A Star Designer Returns With a Shining New CollectionThe word "Madmix" doesn't mean anything to ordinary English speakers, but young, fashion-conscious Korean women know exactly what it is. Madmix was a hugely successful fashion brand name in Korea between 1993 and 1998, famous for its extremely decorative garments. The wildly dressed mannequins in fashionable storefronts made it impossible for shoppers to pass Madmix stores without noticing the bold clothes. The colors were starkly contrasting. A heap of lace frills might be coordinated with a metal stud belt. A skimpy but very cute dress made of shimmering fabric could be matched with 3-inch platforms. And young women, mostly in their late teens and early 20s, went crazy for little items that branded their wearers a "strong character."
The creator of Madmix, Park Eun-kyung, defined that concept as "free and fun," and it was supposed to be "semi-avant-garde." The same designer has now created something entirely new, the fashion label "Trendsetter ISM." She presented her first 2001 fall and winter collection last Tuesday.
The event hall inside the beautiful Park View building in Sinsa-dong was filled with not only eager buyers and the press, but also great anticipation. To Korean fashion professionals, the designer Park Eun-kyung is something of a star. They all knew that the designer had something special in store for them: something extreme, something definitely "her."
Under the seasonal theme "Maximal Romanticism," Ms. Park presented a ready-to-wear collection specially designed for career women. Not just ordinary career women, but the new, elite class of powerful women who know how to express their femininity in a refined, modern way. Ms. Park presented three lines of clothes, each for a different price range, from expensive to more affordable; but they all undeniably displayed her strong character: extremely feminine, but without too much vulnerability. The German-educated Korean designer told the JoongAng Ilbo English Edition, "Anything extreme is sexy and strong, and the powerful energy of women is simply beautiful."
And she is in sync with what's happening around the world. Every element of her clothes is a part of the cutting-edge of today's fashion, such as the body-hugging silhouettes that make the wearer look ultra-feminine. There are also the dramatic details that must not be missed － frills, gathers, built-in zipper belts, leather floral corsages, laser-cut motifs and dolman sleeves. A-line skirts fell suavely below the knee, slim pants seductively above the ankle. The look was complete with Gucci-style ankle strap sandals. All the clothes, from suits to cocktail dresses, were cut close to the body, but they were also definitely meant for business; the style was classical, but with a touch of New Age in the mix.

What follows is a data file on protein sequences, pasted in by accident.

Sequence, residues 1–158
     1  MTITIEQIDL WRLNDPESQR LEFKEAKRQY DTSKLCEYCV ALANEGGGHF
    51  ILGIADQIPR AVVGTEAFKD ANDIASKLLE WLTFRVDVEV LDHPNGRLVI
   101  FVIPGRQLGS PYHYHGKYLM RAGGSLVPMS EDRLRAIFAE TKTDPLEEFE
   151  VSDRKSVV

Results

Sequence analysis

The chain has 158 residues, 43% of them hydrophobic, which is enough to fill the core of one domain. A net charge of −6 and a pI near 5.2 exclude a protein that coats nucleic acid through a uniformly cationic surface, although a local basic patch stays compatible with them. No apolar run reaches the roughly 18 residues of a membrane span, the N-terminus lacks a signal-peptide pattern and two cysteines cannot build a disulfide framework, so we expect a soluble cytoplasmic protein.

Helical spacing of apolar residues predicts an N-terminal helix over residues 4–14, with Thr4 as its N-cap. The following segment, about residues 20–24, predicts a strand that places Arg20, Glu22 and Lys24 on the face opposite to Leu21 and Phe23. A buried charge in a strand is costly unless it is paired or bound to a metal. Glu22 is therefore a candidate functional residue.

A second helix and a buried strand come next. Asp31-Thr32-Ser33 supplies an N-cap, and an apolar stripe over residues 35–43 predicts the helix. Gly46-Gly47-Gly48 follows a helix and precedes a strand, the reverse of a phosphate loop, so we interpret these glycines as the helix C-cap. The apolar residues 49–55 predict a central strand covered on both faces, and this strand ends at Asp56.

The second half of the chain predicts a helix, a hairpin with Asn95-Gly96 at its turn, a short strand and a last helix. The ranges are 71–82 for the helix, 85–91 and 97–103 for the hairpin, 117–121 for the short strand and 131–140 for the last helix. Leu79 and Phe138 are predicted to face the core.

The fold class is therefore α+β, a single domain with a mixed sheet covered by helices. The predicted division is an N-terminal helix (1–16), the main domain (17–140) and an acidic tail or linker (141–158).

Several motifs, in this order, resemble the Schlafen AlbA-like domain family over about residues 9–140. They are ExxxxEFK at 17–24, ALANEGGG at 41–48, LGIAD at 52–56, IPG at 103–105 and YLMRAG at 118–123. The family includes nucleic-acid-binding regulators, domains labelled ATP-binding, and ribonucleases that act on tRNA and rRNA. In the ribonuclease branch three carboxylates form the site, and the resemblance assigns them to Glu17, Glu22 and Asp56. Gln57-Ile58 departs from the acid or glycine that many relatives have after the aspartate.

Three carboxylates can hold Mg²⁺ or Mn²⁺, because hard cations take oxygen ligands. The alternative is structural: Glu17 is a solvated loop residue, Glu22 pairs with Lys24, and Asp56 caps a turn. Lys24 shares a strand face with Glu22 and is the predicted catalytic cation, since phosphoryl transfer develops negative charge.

Although the collection on the whole didn't delve into a complex color scheme nor did the designer successfully convey her central color theme, the designer attempted to show marketable color suggestions. From black, teal blue, wine, beige, purple, khaki, orange, brick, brown and back to pale gray, there was an entire palette of trendy yet safe color choices that were expected to work well in the coming season. Employing various materials from stretchy poplin, vinyl and tweed, to real leather and fur, she presented her interpretation of trench coats and bomber jackets that were classic-meets-retro-funky.
After the show, buyers seemed hopeful about the future of ISM. They had already known about the designer and her works, but now they had seen her fashions for themselves. The presence of more than 60 buyers from major department stores made for a significantly different atmosphere from ordinary salon shows designed for the average clients and their friends. This improved commercialism is what the designer and her business associates wanted to bring to the industry.
It looks as if the Korean fashion industry is catching up with what the rest of the world has been doing － so-called star-designer marketing, which focuses on pushing a designer as a celebrity. What buyers saw that Tuesday afternoon may have been an emerging star in the Korean fashion world.
by Inēs Cho